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Proposed Rule

State Certification of Size and Weight Enforcement

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Federal Highway Administration (FHWA), DOT.


Termination of proposed rulemaking.


This document terminates a rulemaking proceeding to amend the Federal Highway Administration (FHWA) regulation covering State certification of size and weight enforcement of commercial motor vehicles. The agency initiated this action to consider revising the criteria for determining State compliance with existing Federal requirement for an annual certification of State size and weight enforcement. Recently, however, the National Research Council of the Transportation Research Board (TRB) issued a congressionally mandated report that, among other things, recommended revised Federal weight standards and further recommended additional study be undertaken of ways to improve enforcement of truck weight laws. The recommendations of the TRB report provide a basis for a broader review of the Federal and State truck size and weight programs. In light of this situation, we are terminating this rulemaking action and closing the docket.

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Mr. Robert Davis, Office of Freight Management and Operations (202) 366-2997, or Mr. Raymond Cuprill, Office of the Chief Counsel (202) 366-0791, Federal Highway Administration, 400 Seventh Street, SW., Washington, DC 20590. Office hours are from 7:45 a.m. to 4:15 p.m., e.t., Monday through Friday, except Federal holidays.


Since 1975, States have been required under 23 U.S.C. 141, to certify annually that they are enforcing their laws respecting maximum vehicle size and weight in order to receive their full entitlement of Federal-aid highway funds. Regulatory implementation of section 141 is found at 23 CFR Part 657, Certification of Size and Weight Enforcement. Except for technical corrections necessitated by statutory changes, the current content of part 657 has remained unchanged since Start Printed Page 48822publication in the Federal Register on August 7, 1980, at 45 FR 52365.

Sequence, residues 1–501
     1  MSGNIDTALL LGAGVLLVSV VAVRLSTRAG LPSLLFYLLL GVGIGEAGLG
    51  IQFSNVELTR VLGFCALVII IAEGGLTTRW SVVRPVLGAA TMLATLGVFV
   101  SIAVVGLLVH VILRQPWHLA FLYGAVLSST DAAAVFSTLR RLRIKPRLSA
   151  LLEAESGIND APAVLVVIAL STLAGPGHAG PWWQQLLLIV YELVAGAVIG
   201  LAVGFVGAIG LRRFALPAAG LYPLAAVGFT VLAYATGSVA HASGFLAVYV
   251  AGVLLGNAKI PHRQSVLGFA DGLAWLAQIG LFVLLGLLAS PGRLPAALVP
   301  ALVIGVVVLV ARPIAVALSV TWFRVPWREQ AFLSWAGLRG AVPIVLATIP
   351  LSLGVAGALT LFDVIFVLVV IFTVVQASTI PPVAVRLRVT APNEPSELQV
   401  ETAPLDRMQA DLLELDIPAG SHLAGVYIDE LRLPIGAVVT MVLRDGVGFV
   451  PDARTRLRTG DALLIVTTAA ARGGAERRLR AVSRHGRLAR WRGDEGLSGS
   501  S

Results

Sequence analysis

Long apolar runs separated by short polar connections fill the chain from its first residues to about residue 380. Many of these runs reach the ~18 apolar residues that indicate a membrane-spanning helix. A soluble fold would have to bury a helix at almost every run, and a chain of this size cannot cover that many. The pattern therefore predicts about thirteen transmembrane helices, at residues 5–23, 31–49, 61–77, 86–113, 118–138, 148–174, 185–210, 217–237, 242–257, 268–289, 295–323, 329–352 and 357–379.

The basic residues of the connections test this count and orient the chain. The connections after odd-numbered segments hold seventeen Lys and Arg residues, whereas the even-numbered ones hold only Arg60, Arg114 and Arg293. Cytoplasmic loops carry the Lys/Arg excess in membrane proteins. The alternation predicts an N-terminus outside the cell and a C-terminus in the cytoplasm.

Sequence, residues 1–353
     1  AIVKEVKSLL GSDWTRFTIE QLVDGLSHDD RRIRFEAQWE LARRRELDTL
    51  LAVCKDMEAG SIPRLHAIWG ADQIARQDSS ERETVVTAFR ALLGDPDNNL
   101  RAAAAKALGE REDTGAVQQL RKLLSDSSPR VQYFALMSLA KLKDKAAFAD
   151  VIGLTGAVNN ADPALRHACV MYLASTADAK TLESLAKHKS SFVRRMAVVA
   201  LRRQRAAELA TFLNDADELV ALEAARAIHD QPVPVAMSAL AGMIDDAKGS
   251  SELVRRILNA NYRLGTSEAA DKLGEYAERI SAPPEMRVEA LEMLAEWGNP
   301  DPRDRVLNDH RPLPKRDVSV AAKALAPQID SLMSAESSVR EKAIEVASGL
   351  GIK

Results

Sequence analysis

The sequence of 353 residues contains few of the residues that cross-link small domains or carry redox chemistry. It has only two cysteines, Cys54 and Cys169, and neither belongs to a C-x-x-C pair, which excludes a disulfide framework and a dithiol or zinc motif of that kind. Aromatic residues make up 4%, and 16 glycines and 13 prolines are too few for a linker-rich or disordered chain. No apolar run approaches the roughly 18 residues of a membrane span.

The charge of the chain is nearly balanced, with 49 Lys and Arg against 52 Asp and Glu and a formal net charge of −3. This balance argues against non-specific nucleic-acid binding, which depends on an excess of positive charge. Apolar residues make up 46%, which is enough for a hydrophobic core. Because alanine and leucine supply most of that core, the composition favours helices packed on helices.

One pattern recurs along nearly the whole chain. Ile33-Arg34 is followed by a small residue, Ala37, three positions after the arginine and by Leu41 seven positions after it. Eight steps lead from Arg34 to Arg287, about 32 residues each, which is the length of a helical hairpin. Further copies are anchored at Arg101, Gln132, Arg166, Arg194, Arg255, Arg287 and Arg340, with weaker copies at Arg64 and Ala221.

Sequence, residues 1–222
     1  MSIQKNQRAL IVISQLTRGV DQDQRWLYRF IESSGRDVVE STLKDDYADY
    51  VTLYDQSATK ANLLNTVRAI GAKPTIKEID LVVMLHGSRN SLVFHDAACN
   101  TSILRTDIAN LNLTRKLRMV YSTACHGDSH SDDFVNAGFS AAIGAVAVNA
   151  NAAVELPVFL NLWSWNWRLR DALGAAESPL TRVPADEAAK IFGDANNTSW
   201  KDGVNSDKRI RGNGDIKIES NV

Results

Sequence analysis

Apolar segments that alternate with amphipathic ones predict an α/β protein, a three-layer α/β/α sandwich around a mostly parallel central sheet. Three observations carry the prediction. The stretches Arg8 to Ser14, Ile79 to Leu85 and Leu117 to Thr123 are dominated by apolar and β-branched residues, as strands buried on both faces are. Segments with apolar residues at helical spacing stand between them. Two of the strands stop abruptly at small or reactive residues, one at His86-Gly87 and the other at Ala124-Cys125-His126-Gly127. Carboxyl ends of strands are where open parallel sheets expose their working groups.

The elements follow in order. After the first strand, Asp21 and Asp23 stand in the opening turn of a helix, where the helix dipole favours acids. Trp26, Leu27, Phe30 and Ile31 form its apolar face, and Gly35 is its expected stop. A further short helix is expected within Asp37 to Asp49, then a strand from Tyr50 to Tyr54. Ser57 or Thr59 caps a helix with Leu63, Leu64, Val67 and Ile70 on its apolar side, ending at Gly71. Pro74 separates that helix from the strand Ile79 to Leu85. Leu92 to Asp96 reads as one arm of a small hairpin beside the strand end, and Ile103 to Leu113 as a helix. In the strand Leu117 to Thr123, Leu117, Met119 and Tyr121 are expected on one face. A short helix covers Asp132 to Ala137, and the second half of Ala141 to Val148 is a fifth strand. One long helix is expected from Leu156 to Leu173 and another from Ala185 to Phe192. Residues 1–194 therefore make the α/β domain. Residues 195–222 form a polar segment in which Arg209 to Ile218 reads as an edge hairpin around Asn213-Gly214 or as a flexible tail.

Since that time the motor carrier industry as well as State enforcement efforts have undergone substantial change. Recognizing these changes, the Federal Highway Administration published an advance notice of proposed rulemaking (ANPRM) [58 FR 65830, December 16, 1993], as the first step in revising and updating the requirements of part 657.

In June 1994, as the FHWA began review and consideration of the comments received, then Federal Highway Administrator Rodney Slater committed the FHWA to a comprehensive review of all aspects of the truck size and weight issue. Since the Agency was now committed to a comprehensive review of truck size and weight issues, it decided to postpone further action on this rulemaking until the comprehensive study could review existing issues. When the study was at the point where it was clear that it would not contain any recommendations in the area of enforcement certification, the Agency resumed work on this effort.

On September 28, 2000, at 65 FR 58233, the FHWA issued a supplemental advance notice of proposed rulemaking (SANPRM), asking for comments on a number of issues affecting the way in which State size and weight enforcement programs are certified. Most of the issues raised were the same as those discussed in the 1993 ANPRM. The objective was to update information on State programs, provide an opportunity for respondents to the SANPRM to review the validity of the earlier comments, and give interested parties the opportunity to present new ideas, concepts, and information that they believe the FHWA should consider in revising the certification process. The SANPRM posed 11 questions on various topics dealing with State certification of size and weight program activities, including: Possible data system needs; standardization of practices concerning scale tolerances, fees, fines, and staff training; application of technologies; and specific treatment of special vehicle types.